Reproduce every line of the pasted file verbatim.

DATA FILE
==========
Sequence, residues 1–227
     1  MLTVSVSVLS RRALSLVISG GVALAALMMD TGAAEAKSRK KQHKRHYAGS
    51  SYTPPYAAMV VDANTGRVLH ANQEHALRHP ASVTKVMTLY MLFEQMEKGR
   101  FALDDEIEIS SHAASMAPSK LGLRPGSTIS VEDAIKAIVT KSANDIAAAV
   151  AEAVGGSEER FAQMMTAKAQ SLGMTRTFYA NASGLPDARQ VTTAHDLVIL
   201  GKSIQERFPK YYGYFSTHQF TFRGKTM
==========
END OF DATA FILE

Sequence, residues 1–227
     1  MLTVSVSVLS RRALSLVISG GVALAALMMD TGAAEAKSRK KQHKRHYAGS
    51  SYTPPYAAMV VDANTGRVLH ANQEHALRHP ASVTKVMTLY MLFEQMEKGR
   101  FALDDEIEIS SHAASMAPSK LGLRPGSTIS VEDAIKAIVT KSANDIAAAV
   151  AEAVGGSEER FAQMMTAKAQ SLGMTRTFYA NASGLPDARQ VTTAHDLVIL
   201  GKSIQERFPK YYGYFSTHQF TFRGKTM